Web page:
12+ Common Email Mistakes No Freelancer Should Ever Make
Posted May 20, 2013 in Getting Clients, How-To
Contacting potential clients directly by email or phone is a great way to find gigs…if it’s done correctly.
Unfortunately, too many freelancers (and others) don’t know how to use email effectively. They fail to realize that email is a form of business communication. They make numerous mistakes and expect their emails to be effective.
Recently, Mihaela Lica Butler chronicled a common mistake in her post, Why “Hi There” in Emails Will NOT Get You Far. But that’s not the only email mistake freelancers make.
In this post, I list more than a dozen common email mistakes that no freelancer should ever make.
Common Email Mistakes
How effective are your emails? If your answer is “not very,” you may be making one or more of these common email mistakes:
- Unsolicited mass emails. Do you create one email and then copy it to dozens of email addresses? Most people can tell when they receive a mass email, even if you’ve hidden the addresses of the other recipients. In fact, this is one type of email that usually ends up in the spam folder.
- Not doing your homework. If you want your email to be effective, you need to first learn about your intended recipient. I’ve received a number of emails that leave me scratching my head as to why the sender ever thought I would be remotely interested in they sent.
- Getting the name wrong. Be very careful about details in emails. An email with the wrong details leaves a bad impression. Make sure that you use the correct name of the person you are sending the email to. There’s nothing more embarrassing (or damaging) than misspelling a name or sending an email to the wrong person.
- Too many mistakes. Typos and spelling errors count. Your email is a reflection of your freelancing business. If your email is full of mistakes, a prospective client may assume that your work will also be sloppy.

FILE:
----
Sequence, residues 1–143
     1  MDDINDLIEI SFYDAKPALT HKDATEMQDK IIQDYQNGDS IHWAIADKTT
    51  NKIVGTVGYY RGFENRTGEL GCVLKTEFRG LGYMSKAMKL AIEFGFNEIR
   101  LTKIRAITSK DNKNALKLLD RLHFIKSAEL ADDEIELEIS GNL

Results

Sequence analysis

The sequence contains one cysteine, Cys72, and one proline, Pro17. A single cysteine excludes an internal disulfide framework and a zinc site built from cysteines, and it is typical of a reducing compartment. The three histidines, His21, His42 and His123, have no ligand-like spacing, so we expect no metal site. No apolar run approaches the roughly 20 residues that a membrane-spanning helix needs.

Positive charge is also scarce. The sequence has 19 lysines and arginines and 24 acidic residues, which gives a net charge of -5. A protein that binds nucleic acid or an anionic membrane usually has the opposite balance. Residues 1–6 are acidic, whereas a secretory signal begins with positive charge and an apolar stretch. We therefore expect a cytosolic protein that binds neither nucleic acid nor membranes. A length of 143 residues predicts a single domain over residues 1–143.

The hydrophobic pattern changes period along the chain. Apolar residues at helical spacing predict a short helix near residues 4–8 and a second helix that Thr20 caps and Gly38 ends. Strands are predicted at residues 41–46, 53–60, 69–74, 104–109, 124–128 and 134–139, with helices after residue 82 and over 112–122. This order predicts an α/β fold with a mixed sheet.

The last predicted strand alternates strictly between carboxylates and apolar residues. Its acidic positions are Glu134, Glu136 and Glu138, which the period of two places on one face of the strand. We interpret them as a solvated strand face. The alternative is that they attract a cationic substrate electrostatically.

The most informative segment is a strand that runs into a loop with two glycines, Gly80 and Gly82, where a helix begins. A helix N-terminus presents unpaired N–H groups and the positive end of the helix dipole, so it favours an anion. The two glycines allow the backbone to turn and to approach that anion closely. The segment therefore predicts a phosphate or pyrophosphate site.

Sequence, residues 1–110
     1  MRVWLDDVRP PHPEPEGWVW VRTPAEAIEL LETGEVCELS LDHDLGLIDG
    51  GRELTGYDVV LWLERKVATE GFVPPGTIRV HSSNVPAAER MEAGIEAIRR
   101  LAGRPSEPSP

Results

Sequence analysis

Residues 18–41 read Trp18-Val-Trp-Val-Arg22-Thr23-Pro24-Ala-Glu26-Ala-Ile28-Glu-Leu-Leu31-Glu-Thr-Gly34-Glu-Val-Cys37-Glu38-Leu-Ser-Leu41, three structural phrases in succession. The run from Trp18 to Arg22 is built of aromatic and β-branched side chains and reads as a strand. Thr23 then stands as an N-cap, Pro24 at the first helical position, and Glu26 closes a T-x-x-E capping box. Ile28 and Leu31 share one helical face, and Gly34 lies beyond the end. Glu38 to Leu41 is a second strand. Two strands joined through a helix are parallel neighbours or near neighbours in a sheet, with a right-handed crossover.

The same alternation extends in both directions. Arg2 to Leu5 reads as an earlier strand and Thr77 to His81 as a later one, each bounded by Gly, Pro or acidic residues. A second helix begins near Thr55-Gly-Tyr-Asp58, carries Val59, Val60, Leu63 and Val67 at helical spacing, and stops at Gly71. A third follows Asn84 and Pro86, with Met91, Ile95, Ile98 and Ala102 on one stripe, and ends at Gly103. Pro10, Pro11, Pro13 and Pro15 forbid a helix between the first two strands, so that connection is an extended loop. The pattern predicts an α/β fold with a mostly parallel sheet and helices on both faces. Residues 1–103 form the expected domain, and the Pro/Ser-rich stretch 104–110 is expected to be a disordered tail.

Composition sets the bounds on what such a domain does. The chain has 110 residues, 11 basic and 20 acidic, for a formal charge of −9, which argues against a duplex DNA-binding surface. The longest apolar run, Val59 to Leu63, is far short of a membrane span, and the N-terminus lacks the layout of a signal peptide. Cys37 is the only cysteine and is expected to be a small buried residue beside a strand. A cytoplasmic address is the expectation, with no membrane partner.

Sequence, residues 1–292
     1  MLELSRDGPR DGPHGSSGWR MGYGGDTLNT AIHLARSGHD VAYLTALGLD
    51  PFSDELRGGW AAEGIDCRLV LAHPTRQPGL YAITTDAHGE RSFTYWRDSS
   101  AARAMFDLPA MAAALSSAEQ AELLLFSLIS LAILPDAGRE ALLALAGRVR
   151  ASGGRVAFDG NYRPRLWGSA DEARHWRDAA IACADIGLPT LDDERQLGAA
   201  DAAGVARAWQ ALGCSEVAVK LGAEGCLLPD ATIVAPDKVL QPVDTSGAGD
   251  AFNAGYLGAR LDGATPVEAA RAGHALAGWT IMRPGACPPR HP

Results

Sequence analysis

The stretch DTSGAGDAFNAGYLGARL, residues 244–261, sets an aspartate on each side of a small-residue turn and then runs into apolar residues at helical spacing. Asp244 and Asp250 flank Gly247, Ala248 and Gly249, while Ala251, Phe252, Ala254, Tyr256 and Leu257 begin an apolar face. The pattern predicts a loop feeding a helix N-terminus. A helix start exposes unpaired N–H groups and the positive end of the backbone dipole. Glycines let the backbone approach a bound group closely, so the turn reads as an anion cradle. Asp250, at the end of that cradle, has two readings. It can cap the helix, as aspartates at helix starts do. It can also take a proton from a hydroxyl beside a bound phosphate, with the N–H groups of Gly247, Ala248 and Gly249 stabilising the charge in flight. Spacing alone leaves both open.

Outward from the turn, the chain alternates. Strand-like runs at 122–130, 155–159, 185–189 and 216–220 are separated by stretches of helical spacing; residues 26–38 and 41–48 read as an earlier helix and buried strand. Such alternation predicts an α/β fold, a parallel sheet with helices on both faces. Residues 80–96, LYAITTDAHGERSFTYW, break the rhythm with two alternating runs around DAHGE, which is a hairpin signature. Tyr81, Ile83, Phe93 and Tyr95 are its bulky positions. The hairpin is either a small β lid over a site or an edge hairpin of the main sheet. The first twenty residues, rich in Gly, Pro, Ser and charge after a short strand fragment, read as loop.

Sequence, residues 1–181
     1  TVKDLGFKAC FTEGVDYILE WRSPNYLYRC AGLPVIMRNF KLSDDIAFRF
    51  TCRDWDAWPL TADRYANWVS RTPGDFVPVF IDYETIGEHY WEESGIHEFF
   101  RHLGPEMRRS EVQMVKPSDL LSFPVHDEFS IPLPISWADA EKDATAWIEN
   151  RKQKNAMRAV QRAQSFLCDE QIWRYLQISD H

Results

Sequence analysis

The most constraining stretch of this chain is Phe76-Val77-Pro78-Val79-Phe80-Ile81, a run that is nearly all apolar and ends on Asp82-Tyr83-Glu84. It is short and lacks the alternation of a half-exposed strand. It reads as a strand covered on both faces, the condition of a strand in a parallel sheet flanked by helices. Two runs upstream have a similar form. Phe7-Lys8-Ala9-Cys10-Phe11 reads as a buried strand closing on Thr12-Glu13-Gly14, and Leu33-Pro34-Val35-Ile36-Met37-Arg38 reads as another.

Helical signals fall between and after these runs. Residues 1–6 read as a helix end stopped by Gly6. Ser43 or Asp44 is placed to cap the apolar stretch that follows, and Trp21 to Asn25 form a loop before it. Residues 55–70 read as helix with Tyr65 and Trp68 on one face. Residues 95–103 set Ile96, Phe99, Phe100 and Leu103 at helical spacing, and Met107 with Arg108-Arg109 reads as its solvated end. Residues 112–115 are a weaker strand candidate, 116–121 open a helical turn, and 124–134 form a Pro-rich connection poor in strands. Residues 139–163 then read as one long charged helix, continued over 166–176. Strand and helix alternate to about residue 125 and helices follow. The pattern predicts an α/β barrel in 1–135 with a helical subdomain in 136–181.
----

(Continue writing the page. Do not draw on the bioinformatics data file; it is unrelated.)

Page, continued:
- Not coming to the point. Most people are busy. They don’t have time to read long, drawn out explanations in emails. If you want the recipient to respond, stay focused on one or two main ideas. Use short, concise sentences to convey your message. Format your email so that the reader can scan it quickly and easily.
- Not considering mobile devices. It’s increasingly common for people to check their email on their mobile devices. According to the post, Nearly 3 out of 4 People Delete Emails that Format Poorly on Mobile Devices, from Susan Gunelius writing on Corporate Eye your email should consider mobile devices.
- Being too casual. Your email represents your business. It should be professional. Many freelancers are far too casual with their email communications. While a long-time client may appreciate a casual tone, you should use a more formal tone for an initial client email–at least until the client becomes more comfortable with you.
- Writing in the heat of the moment. Many freelancers write and send an email when they are angry or upset. While it may feel good at first to send an angry email to a client or prospect, such an email almost never has a positive impact on a freelancing business. Write your emails when you are calm.
- Unclear subject line. The subject line of an email is very important. In fact, it can determine whether the recipient reads your email. If you have a vague or unclear subject line, the recipient is likely to delete the email without even opening it. Your subject line should be interesting enough that the recipient wants to find out the email is about.
- No call to action. As with any marketing document, it’s important to explain what you want the recipient of the email to do. Don’t make them guess. If you want them to purchase something, invite them to do so. Make it easy for them to follow through by including a link right in the email.
- Making it all about you. As with any marketing communication, an effective email should focus on the needs of recipient. Don’t simply list features of your service. Explain how those features will help the reader. If the prospect realizes you understand what they need, they are more likely to be interested.
- No contact information. If possible, you should provide more than one way to contact you. Make sure that your contact information is current. Also, be sure to explain clearly who you are and why you are contacting them. Include a link to your freelancing business website or even provide a phone number where your client can reach you.
- Bonus: Not using an email signature. Email signatures are a great place to include contact information and a line about your freelancing business. Yet, many freelancers fail to set up this convenient tool.
What tips do you have for writing effective emails?
Share your ideas in the comments.
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